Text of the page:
Live at the Fillmore East 1968
Who Came First 45th Anniversary Expanded Edition
As Long As I Have You
BY LEE ZIMMERMAN
Long live the Who, or at least the legacy that remains. The on-again, off-again alliance of Pete Townshend and Roger Daltrey notwithstanding, the band as we once knew it, with Keith Moon and John Entwistle powering that formidable rhythm section and adding the flash and finesse makes any attempt to reconvene as The Two pale in comparison.
Indeed, all that’s needed to affirm that premise is found with even a cursory listen to the archival slab of former glories belatedly released as Live at the Fillmore East. It bears witness to the seminal glory of the Who’s glory days gone by. Boasting an ample amount of seminal songs from the band’s early catalog — “I Can’t Explain,” “Happy Jack,” the early min opera and opus “A Quick One (While He’s Away,” and an entire disc devoted to an extended take on, what else, “My Generation” — it fills out the set list with the classic covers that were once given their indelible imprint — “Summertime Blues,” “Fortune Teller” and “Shakin’ All Over.” That early edge and energy, pre Tommy and any other affectations that would come soon after, makes this concert a singular stand-out that is legendary to say the least (bootlegged versions have circulated for decades), as well as one of the few archival examples of the early band live in performance. This is essential Who and a riveting example of all that assured their legendary largess and prowess,
Townshend’s first solo venture, Who Came First, began life as a tribute to his spiritual mentor Meher Baba and consisted mainly of demos of songs destined for the Who’ future catalog while still their seminal states. There were other additives thrown in full good measure — a tender take on the classic standard “There’s a Heartache Following Me” (said to be one of Baba’s Favorites), Small Face/Face bassist Ronnie Lane’s tender tale of reincarnation, “Evolution,” and other early extras that were yet to emerge fully formed. An earlier reissue added a smattering of bonus tracks, all but one of which is repeated here, but for this 45th anniversary edition, an entire disc of extra additives are included, among them, early rough takes on “The Seeker,” and instrumental version of “Baba O’Riley” and a very early version of “Drowned,” a key cut from Quadrophenia. While there was nothing especially earth shattering about Townshend’s first offering — it was more an additive to his bigger vision of the band after all — it still purveys a charm that finds Townshend in both a contemplative state and expressing a vulnerability rarely evidenced amongst the bombast and fury of the essential ensemble.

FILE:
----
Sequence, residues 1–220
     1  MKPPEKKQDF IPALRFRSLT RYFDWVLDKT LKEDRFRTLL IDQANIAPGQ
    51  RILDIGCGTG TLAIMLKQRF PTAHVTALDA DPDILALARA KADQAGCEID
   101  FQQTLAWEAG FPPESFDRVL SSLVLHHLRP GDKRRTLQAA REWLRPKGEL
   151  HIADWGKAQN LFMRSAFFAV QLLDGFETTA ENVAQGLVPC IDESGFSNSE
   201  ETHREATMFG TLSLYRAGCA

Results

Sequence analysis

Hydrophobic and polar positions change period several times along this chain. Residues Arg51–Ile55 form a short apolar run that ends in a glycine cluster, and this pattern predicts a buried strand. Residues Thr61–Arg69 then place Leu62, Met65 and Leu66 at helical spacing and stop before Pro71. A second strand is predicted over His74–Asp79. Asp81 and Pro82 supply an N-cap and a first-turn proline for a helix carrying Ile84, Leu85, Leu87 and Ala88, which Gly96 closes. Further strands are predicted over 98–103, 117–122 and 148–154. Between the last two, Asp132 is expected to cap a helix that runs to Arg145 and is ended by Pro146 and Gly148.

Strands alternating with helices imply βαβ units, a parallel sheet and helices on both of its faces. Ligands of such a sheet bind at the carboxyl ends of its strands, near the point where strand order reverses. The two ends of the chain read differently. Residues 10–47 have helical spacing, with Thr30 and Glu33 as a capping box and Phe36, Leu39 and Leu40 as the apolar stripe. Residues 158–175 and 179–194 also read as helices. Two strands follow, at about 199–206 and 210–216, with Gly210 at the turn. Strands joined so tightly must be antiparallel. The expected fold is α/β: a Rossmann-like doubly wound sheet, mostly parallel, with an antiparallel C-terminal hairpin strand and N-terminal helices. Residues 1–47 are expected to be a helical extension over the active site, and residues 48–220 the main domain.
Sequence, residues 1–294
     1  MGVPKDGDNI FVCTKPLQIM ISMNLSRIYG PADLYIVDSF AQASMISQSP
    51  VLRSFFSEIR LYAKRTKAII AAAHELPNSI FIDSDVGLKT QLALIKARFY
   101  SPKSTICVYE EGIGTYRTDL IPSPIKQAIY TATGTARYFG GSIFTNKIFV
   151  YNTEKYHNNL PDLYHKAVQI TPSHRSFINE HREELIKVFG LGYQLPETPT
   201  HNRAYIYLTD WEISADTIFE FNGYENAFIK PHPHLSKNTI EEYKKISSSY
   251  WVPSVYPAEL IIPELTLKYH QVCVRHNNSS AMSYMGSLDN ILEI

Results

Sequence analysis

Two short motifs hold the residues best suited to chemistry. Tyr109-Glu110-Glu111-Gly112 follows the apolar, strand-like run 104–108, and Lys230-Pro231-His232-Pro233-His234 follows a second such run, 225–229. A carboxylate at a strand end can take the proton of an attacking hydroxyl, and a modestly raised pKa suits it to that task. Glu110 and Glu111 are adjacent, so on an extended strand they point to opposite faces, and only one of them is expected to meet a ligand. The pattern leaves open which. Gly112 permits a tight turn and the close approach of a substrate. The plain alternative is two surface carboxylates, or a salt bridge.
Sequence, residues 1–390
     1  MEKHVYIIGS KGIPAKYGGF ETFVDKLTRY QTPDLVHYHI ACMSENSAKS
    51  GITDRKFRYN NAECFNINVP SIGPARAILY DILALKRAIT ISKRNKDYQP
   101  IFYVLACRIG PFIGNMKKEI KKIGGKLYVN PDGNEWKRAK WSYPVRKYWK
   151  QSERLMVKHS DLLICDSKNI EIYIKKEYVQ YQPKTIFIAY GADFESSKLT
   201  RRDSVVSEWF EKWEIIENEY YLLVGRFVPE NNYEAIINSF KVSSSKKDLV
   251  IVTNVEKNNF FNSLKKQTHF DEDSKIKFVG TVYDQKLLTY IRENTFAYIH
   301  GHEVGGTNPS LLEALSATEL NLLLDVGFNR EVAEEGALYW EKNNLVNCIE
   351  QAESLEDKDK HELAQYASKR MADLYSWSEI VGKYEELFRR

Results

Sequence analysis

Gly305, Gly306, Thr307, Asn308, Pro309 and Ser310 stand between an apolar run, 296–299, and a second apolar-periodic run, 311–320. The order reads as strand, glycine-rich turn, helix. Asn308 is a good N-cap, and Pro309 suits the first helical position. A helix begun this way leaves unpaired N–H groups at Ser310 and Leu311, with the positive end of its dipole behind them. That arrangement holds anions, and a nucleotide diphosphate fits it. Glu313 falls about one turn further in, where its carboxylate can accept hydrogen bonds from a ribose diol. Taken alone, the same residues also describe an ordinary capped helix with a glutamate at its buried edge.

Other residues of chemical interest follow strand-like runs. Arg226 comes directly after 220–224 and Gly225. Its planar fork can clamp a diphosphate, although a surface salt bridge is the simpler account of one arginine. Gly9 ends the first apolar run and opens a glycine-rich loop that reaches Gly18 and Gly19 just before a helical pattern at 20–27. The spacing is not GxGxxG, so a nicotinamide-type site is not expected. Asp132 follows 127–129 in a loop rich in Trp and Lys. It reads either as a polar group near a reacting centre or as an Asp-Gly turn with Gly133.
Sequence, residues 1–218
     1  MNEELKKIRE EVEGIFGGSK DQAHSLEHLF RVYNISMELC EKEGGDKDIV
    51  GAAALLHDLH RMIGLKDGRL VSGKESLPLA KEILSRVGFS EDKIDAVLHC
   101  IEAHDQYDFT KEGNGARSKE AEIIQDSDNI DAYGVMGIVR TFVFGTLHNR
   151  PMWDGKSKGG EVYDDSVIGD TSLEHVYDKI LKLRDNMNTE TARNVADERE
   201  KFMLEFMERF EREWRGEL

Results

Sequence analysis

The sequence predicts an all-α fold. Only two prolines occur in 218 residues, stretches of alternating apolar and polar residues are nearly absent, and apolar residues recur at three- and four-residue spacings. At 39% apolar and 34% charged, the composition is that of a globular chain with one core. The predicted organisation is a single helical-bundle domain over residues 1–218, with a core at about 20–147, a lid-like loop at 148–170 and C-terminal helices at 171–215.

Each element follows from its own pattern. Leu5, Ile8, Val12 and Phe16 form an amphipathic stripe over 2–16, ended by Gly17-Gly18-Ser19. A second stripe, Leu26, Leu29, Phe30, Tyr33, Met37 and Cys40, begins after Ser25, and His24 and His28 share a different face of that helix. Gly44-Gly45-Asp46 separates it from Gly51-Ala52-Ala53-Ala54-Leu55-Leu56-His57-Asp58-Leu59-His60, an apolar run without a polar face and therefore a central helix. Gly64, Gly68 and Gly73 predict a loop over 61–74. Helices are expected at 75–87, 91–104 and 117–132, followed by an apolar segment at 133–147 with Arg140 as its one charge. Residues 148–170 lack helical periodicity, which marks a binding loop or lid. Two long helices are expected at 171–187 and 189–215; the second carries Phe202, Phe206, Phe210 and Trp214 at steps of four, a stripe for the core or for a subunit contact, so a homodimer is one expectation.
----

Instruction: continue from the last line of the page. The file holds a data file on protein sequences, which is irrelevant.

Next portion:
While he wrote only a smattering of songs for the Who, Roger Daltrey has put out a slew of solo albums throughout his career, venturing away from Townshend as a source for his songs and more towards other writers who also offered a seamless fit. Consequently, As Long As I Have You finds him trolling some essential soulful sources — Stevie Wonder, Joe Tex, Ruth Copeland, Jerry Ragavoy and the like — while transforming them with his individual inscription. He’s never sounded better, whether veering from an emotive testimonial (I’ve Got Your Love”) to an ecstatic wail (“How Far”) to a soulful shout (“Where Is a Man To Go”), and the fact that Townshend is on board throughout most of the disc brings it closer to a Who album than anything else in recent memory. At very least, it’s Daltrey’s best solo effort since Ride a Rock Horse and an obvious indication he’s still in fine form. Every entry is excellent. Suffice it to say, it’s superb.
DOWNLOAD: “I Can’t Explain,” “The Seeker,” “How Far”